Monday, October 22, 2007

No moratorium on tasers, Quebec says

The Gazette

Despite concerns about the use of taser guns, a Quebec government official said today that the devices are effective and have saved lives.

"In many cases, they have saved lives and avoided more serious injury to a suspect or a police officer," said Robert Lafreniere, an assistant deputy minister in the Public Security Department.

There will be no moratorium on the use of tasers pending several police investigations, as requested last week by Amnesty International Canada, Lafreniere said.

"We can't deprive (the police) of the use of tasers knowing what we know," he said at a news conference at the police academy in Nicolet.

The use of the stun guns by police has come under scrutiny after two Quebecers died within a month after being tasered. Also, a 40-year-old Polish man died this month after he was subdued by a taser gun at the Vancouver International Airport.

Taser guns use two barbed darts to deliver a jolt of electricity up to 50,000 volts. They are intended to temporary paralyze someone by causing muscles to contract uncontrollably.

Police use the weapons to subdue out-of-control persons rather than using their firearm. Officers using tasers have been properly trained and use the weapons only when necessary, Lafreniere said.

Amnesty International Canada says 18 people have died in Canada after being hit by tasers since 2001.

In Montreal, Quilem Registre, 38, died in hospital last week, several days after he had been tasered by Montreal police in the St. Michel district. Registre was suspected of drunk driving when he was stopped by police. The vehicle he was driving hit several cars. Police said they subdued him with a taser after he became aggressive.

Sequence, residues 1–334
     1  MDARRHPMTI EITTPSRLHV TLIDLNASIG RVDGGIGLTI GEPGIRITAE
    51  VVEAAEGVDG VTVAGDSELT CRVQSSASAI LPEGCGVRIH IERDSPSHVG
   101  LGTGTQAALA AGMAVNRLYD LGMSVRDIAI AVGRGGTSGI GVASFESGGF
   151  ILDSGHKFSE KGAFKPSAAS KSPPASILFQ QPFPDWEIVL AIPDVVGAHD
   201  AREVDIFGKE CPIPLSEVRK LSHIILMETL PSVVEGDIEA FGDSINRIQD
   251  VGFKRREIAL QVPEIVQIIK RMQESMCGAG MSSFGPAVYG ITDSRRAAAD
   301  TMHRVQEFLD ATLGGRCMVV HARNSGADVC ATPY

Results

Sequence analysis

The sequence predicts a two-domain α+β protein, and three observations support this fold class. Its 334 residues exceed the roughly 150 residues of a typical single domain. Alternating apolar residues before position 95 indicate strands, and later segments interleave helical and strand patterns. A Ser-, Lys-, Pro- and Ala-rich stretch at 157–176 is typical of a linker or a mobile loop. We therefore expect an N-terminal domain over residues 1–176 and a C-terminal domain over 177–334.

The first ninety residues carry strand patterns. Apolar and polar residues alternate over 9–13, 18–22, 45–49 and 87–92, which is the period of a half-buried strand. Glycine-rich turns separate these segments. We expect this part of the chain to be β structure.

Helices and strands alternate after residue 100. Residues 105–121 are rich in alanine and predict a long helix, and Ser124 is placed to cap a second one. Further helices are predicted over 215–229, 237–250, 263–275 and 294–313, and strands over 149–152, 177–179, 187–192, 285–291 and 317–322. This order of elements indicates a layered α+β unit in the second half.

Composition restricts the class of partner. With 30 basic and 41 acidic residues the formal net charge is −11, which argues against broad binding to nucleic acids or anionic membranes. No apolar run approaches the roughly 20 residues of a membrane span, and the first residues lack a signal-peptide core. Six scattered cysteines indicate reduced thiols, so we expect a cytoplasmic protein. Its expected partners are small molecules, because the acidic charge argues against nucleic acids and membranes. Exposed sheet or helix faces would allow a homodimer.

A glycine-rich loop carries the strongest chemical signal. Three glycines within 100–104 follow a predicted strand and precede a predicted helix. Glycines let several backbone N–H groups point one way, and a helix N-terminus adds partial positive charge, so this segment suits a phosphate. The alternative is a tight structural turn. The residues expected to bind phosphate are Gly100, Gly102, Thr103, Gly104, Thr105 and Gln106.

Tests have confirmed that cocaine was present in Registre's body when he was admitted to hospital soon after the incident. The coroner's office has not determined an exact cause of death.

Claudio Castagnetta, 32, died in Quebec City on Sept. 20, two days after police officers there used a taser on him. His death is also under investigation.

Police forces in Quebec used taser guns 51 times in 2006 with no deaths.

In February 2006, the Public Security Department sent guidelines to the eight Quebec police forces that use tasers. It recommended that officers not fire multiple shots at a suspect, refrain from hitting the head, neck or genital area, and that officers using tasers be properly trained and that police departments keep a log of the number of times tasers are fired.

The committee preparing a report on taser use in Quebec will submit its findings to Public Security Minister Jacques Dupuis shortly. The report, which was due in December, has been fast-tracked following the two recent taser shootings in Quebec.

Claude Dauphin, the city of Montreal executive committee member in charge of public safety, said not all Montreal police officers have access to tasers.

"It is the SWAT team, special units and officers at detention centres who have them," he said.

In many cases, when officers pull out the taser guns, aggressive people change their behaviour immediately, he said.

City councillor Marvin Rotrand said Dauphin should impose a moratorium on the use of tasers in Montreal until his department conducts a study on whether they are safe and effective. Rotrand contends there has not been enough debate on the use of stun guns, which Montreal police began using at the end of 2000.